After World War II it was managed as a market garden. Since then, two-thirds of it has reverted to produce for the house. In the eastern third, a house has been built surrounded by lawns which extend down to the burn of Kirkton, along either side of which runs a magnificent herbaceous border.

Visitor Access, Directions & Contacts

The following is from the Historic Environment Scotland Gardens and Designed Landscapes Inventory. For the most up-to-date Inventory entry, please visit the Historic Environment Scotland website:

Reason for Inclusion

A late 18th century designed landscape most notable for its semi-ancient woodlands and the Site of Special Scientific Interest at Gannochy Gorge.

Site History

The designed landscape of The Burn was laid out from an area of previously barren land between 1791-96 and further embellished by subsequent owners. There are no known designers. Documentary map evidence is provided by the 1st edition OS map of c.1860 and the 2nd edition OS map of c.1900. Since our visit the estate maps of 1796 and 1819 have been found to be extant and are in the possession of Mrs T.E. James, daughter of Mr G.H. Russel.

Little is known of the early history of The Burn except that the lands were part of the Thanage of Newdosk and later of the barony of Arnhall. Lord Adam Gordon, a son of the 2nd Duke of Gordon, acquired the estate in 1780, when he was Commander-in- Chief of the Army in Scotland, at which time it was in 'the wildest state of barrenness'. He began an extensive series of improvements during which time some 475 acres were cultivated, and 526 acres were planted, whilst a further 87 acres of his neighbour's land was planted at no cost to the owner, the Hon William Maule, in 'order to hide deformities and create agreeable prospects'. In addition, some six miles of walks were laid out which, in many places, were blasted through solid rock. The house was built between 1791-96 with the intention that His Lordship would retire there. When he did eventually retire in 1798, he was able to enjoy his achievements at The Burn for only three years before his death in 1801. The estate was then sold to a neighbour, Mr Brodie of Arnhall, who added to the house and made further improvements to the grounds. In 1814, it was again sold, to a Mr Shand, who is thought to have continued improvements begun by Mr Brodie as well as adding his own. In particular, he redirected the Glenesk Road to its present alignment, prior to which it had passed through the policies between the house and the gardens. In 1836, the estate passed to Major William McInroy and, during his time, Queen Victoria is known to have visited the property. Colonel Charles McInroy, a nephew, inherited in 1896 and, in 1921, the family sold The Burn and Arnhall Estates to Mr G.H. Russel who also bought the nearby estate of Dalladies. At this time the area of the three estates extended over some 4,000 acres (1,620ha).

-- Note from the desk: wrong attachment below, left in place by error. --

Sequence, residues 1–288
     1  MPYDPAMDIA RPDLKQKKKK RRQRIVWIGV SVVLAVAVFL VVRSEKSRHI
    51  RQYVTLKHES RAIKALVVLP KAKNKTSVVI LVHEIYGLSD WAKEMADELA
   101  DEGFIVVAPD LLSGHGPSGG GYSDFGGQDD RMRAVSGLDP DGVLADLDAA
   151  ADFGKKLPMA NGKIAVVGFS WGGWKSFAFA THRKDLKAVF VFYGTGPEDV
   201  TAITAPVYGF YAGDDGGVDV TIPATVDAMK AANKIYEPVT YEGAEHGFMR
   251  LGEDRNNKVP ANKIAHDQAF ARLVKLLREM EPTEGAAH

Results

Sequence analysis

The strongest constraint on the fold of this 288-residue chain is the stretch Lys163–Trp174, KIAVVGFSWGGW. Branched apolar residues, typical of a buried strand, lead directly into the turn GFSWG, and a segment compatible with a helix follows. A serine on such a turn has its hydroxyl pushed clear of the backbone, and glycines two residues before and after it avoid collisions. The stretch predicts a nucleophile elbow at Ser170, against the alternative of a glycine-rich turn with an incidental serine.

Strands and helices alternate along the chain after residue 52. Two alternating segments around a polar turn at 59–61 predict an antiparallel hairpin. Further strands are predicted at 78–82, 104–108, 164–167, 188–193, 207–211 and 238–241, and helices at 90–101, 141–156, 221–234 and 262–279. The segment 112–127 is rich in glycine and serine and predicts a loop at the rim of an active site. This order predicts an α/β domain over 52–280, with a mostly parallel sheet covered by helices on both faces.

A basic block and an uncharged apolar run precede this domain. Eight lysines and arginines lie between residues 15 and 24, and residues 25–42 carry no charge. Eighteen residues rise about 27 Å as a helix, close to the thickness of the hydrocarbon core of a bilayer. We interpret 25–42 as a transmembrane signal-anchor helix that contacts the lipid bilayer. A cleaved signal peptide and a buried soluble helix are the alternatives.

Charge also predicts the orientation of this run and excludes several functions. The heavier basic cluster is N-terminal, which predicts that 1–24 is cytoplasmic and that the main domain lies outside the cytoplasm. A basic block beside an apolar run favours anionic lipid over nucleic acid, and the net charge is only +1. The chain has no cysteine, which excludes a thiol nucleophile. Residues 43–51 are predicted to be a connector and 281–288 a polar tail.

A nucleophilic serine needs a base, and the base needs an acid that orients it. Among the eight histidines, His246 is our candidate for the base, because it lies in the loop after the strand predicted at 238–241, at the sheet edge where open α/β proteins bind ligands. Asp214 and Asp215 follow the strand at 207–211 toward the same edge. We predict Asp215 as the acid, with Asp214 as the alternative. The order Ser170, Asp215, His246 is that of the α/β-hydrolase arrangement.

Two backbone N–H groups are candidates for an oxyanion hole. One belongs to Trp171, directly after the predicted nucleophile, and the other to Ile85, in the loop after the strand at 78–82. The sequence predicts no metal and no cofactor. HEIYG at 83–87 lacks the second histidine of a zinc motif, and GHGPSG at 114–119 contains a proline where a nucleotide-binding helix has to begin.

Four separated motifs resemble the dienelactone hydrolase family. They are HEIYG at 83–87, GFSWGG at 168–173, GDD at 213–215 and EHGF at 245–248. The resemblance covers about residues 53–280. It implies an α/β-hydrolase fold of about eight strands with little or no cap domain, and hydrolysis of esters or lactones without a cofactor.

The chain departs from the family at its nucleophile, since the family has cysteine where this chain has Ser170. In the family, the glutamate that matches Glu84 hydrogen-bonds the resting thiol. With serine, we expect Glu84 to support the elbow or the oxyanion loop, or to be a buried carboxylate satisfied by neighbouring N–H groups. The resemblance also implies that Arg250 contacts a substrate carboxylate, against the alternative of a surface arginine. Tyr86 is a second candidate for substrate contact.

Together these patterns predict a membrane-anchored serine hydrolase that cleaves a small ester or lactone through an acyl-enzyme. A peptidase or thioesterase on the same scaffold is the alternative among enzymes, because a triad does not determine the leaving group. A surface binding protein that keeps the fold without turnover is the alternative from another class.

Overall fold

Between 1933-35, the house was altered and modernised, and during World War II, it was used as a Hospital. In his time as laird, Mr Russel had made many improvements to the estate but in 1945-46 the lands of Arnhall, Dalladies and part of The Burn, were sold. Large areas of low-lying ground by the village of Edzell were acquired by compulsory purchase for the establishment of RAF Edzell. The mansion house, policies and parts of the woodland (190 acres in all) were gifted to the Dominion Students' Hall Trust, (now London House for Overseas Graduates) together with an endowment in 1946/47. Since then, The Burn has been managed as a holiday and study centre for students and graduates of the UK, the Commonwealth and the USA.


  • 18th Century (1701 to 1800)
  • Late 18th Century (1775 to 1799)
Associated People
Features & Designations


  • Historic Environment Scotland An Inventory of Gardens and Designed Landscapes in Scotland

  • Site of Special Scientific Interest

  • Reference: Gannochy Gorge


  • Folly
  • Description: The Doulie Tower
  • Sundial
  • Mansion House (featured building)
  • Description: The original mansion house and adjacent stable block were built in 1791- 96.
  • Earliest Date:
  • Latest Date:
Key Information





Principal Building



18th Century (1701 to 1800)





Open to the public





  • Historic Scotland